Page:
Article

Extra-team connections for knowledge transfer between staff teams.

Department of Society, Human Development and Health, Harvard School of Public Health, 677 Huntington Avenue, Boston, MA 02115, USA.
Health Education Research (Impact Factor: 1.66). 07/2009; 24(6):967-76. DOI: 10.1093/her/cyp030
Source: PubMed

ABSTRACT As organizations implement novel health promotion programs across multiple sites, they face great challenges related to knowledge management. Staff social networks may be a useful medium for transferring program-related knowledge in multi-site implementation efforts. To study this potential, we focused on the role of extra-team connections (ties between staff members based in different site teams) as potential channels for knowledge sharing. Data come from a cross-sectional study of after-school child-care staff implementing a health promotion program at 20 urban sites of the Young Men's Christian Association of Greater Boston. We conducted a sociometric social network analysis and attempted a census of 91 program staff members. We surveyed 80 individuals, and included 73 coordinators and general staff, who lead and support implementation, respectively, in this study. A multiple linear regression model demonstrated a positive relationship between extra-team connections (beta = 3.41, P < 0.0001) and skill receipt, a measure of knowledge transfer. We also found that intra-team connections (within-team ties between staff members) were also positively related to skill receipt. Connections between teams appear to support knowledge transfer in this network, but likely require greater active facilitation, perhaps via organizational changes. Further research on extra-team connections and knowledge transfer in low-resource, high turnover environments is needed.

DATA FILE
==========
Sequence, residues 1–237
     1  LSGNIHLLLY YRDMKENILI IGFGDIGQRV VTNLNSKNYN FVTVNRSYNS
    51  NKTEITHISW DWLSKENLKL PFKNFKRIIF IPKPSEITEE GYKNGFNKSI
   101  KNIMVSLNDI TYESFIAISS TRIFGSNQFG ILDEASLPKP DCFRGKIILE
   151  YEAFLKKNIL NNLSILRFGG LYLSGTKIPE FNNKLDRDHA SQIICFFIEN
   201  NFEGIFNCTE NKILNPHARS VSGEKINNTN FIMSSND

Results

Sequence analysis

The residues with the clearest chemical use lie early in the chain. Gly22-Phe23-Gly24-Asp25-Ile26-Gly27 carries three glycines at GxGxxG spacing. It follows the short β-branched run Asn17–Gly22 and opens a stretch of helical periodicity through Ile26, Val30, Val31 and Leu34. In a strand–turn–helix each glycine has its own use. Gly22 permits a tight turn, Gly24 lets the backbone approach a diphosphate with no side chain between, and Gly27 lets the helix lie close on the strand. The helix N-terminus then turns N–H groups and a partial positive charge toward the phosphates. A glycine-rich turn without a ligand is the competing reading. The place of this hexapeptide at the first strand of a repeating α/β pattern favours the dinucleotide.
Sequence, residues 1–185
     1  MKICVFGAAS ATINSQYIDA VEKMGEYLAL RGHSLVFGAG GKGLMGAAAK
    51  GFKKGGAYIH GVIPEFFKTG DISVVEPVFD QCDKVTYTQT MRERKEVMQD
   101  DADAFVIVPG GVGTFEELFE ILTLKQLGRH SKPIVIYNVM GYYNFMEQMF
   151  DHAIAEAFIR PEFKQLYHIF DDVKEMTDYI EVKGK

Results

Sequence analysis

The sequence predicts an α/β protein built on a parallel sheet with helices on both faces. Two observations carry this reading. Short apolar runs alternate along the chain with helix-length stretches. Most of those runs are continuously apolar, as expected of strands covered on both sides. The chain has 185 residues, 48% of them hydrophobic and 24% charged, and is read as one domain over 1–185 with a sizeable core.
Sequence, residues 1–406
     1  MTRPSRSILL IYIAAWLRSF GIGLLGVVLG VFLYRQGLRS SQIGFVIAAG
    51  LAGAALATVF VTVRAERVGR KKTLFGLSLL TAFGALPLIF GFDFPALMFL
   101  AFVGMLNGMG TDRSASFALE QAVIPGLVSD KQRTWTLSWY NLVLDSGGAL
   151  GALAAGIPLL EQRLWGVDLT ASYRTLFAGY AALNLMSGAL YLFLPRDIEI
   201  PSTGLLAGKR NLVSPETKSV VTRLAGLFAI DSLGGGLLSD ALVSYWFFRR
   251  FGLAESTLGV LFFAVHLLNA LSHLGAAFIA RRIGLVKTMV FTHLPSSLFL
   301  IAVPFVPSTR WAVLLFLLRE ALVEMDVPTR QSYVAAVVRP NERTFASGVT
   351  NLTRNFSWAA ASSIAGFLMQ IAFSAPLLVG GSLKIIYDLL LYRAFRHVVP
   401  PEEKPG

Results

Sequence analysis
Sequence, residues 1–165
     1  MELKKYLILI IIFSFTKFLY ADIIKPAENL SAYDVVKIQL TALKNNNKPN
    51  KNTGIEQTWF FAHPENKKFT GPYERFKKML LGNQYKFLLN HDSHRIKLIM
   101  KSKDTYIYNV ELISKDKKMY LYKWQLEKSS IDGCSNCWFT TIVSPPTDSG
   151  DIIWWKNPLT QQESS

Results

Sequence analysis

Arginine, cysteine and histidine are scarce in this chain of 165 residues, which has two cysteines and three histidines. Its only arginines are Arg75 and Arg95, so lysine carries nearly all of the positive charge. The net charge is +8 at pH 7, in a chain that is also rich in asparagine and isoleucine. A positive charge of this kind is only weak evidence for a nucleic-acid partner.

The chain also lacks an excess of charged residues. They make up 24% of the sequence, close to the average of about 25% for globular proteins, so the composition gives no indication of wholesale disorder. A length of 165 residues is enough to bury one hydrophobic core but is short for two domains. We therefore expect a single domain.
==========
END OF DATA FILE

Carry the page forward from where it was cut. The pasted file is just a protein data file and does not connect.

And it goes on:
1 Follower
 · 
104 Views
  • [Show abstract] [Hide abstract]
    ABSTRACT: Managing large student cohorts can be a challenge for university academics, coordinating these units. Bachelor of Nursing programmes have the added challenge of managing multiple groups of students and clinical facilitators whilst completing clinical placement. Clear, time efficient and effective communication between coordinating academics and clinical facilitators is needed to ensure consistency between student and teaching groups and prompt management of emerging issues. This study used a descriptive survey to explore the use of text messaging via a mobile phone, sent from coordinating academics to off-campus clinical facilitators, as an approach to providing direction and support. The response rate was 47.8% (n=22). Correlations were found between the approachability of the coordinating academic and clinical facilitator perception that, a) the coordinating academic understood issues on clinical placement (r=0.785, p<0.001), and b) being part of the teaching team (r=0.768, p<0.001). Analysis of responses to qualitative questions revealed three themes: connection, approachability and collaboration. This study demonstrates that use of regular text messages improves communication between coordinating academics and clinical facilitators. Findings suggest improved connection, approachability and collaboration between the coordinating academic and clinical facilitation staff.